Media Contact

Ashley Lindstrom
Communications Coordinator
512-232-7121

By experimentally verifying the existence of Willis coupling, Mechanical Engineering Assistant Professor Michael Haberman and his team have laid a foundation for new research that makes use of its unique material response. The findings lend themselves to a wide range of applications in acoustical engineering ranging from sound diffusers in architectural acoustics to biomedical imaging using ultrasonic waves.

UT Austin Researchers:

Preston S. Wilson, Michael R. Haberman

Discovery:

This research provided experimental and theoretical demonstrations of a dynamic material behavior known as Willis coupling. Willis coupling is the acoustic analog to bianisotropy in electromagnetism and a result of a material having asymmetries in its small-scale structure. This research also focused on determining an experimental procedure to extract the effective material properties of a sample that has this Willis coupling parameter.

How It Works:

Willis coupling is an acoustical material property in which the pressure-strain relationship (Hooke’s law) is coupled to its momentum-velocity relation (Newton’s law). As a result, if you dynamically squeeze or stretch an object made from a material demonstrating Willis coupling, the object will want to translate due to an induced momentum. To achieve this coupling response, the small-scale structure of the object must be asymmetric. The microstructural asymmetry can be due to small-scale geometry, the distribution of material properties in a mixture of multiple materials, or both. The small-scale asymmetry produces non-uniform stress fields with a preferential direction when the object is uniformly squeezed or stretched. If the mechanical deformation is dynamic, the preferential stress fields will generate momentum.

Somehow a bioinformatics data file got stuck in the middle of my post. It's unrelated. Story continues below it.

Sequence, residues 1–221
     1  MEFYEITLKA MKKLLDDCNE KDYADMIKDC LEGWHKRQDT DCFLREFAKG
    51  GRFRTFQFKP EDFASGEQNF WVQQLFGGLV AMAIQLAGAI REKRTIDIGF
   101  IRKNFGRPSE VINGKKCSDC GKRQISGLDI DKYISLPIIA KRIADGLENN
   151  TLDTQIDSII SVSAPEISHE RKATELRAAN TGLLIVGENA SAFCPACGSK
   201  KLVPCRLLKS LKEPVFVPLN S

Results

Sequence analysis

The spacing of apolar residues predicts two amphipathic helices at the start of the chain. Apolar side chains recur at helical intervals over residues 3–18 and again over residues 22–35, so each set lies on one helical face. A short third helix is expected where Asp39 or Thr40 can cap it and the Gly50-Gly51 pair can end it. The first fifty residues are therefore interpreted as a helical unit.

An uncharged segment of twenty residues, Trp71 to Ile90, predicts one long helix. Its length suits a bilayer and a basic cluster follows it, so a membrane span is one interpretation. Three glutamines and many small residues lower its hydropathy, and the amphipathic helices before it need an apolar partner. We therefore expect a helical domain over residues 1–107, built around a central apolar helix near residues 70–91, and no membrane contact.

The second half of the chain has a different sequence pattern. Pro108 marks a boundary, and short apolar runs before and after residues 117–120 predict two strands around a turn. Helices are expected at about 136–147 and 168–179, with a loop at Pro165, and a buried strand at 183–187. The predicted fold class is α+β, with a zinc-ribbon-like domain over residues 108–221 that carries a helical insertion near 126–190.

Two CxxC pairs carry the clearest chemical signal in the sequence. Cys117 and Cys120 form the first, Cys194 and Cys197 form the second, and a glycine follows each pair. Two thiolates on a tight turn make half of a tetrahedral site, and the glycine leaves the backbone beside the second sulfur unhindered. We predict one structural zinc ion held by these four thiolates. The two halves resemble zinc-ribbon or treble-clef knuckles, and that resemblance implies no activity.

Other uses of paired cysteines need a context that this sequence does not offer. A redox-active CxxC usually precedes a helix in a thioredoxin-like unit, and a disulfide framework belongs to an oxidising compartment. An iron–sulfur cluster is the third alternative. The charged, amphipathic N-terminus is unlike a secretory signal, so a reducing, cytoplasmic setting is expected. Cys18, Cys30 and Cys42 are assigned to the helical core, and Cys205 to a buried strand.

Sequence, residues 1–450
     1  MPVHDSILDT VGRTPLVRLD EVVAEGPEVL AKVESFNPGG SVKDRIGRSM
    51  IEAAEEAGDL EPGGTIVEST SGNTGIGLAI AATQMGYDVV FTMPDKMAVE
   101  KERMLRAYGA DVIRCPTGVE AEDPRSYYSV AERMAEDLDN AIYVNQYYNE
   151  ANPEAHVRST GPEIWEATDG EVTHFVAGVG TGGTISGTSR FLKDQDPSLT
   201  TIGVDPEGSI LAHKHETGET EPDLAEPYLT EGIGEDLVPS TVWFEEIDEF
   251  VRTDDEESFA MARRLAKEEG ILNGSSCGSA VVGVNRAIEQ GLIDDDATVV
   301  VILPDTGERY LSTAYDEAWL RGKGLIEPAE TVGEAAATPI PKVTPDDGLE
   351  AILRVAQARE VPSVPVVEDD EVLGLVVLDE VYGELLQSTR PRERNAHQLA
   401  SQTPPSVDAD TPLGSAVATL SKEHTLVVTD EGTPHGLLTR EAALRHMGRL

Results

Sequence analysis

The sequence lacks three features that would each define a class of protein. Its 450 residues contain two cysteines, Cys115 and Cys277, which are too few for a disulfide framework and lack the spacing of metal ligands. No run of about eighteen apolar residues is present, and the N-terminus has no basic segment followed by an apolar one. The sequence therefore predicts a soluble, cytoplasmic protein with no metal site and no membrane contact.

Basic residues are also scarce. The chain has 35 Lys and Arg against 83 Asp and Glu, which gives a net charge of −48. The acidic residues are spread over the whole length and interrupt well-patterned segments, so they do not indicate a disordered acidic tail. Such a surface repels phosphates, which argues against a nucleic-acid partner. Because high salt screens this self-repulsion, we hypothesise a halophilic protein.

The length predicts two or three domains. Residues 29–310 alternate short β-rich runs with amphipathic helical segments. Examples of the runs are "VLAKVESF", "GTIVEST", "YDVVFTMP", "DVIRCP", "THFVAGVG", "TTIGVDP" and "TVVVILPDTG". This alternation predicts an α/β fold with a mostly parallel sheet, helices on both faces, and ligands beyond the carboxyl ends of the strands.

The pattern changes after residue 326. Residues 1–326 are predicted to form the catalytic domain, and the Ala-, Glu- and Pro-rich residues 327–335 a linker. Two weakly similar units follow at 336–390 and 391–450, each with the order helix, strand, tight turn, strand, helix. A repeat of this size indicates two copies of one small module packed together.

Why It Matters:

Although theorized by J.R. Willis at the University of Cambridge in the UK several decades ago, Willis coupling had not been experimentally demonstrated prior to this work. Willis coupling represents a new material parameter that provides engineers and scientist with an additional degree of freedom in the design of acoustical devices. By experimentally verifying the existence of Willis coupling, Dr. Haberman and his team have laid a foundation for new research that makes use of this unique material response. The findings lend itself to a wide range of applications in acoustical engineering ranging from sound diffusers in architectural acoustics to biomedical imaging using ultrasonic waves.

Published: M.B. Muhlestein, C.F. Sieck, P.S. Wilson, M.R. Haberman, “Experimental evidence of Willis coupling in a one-dimensional effective material element,” Nature Communications, 8, 15625, (2017).

What's Next:

Dr. Haberman is currently working on National Science Foundation funded research to create non-reciprocal elastic materials that can allow sound to travel in one direction but prevent it from travelling back in the opposite direction. Using a material that has an asymmetric structure will serve as a critical step towards the goal of inducing momentum and therefore generating non-reciprocal elastic wave phenomena. That work is in collaboration with Dr. Seepersad in UTME and colleagues at Rutgers University (A. Norris) and The University of Missouri (G. Huang).

Joomla SEF URLs by Artio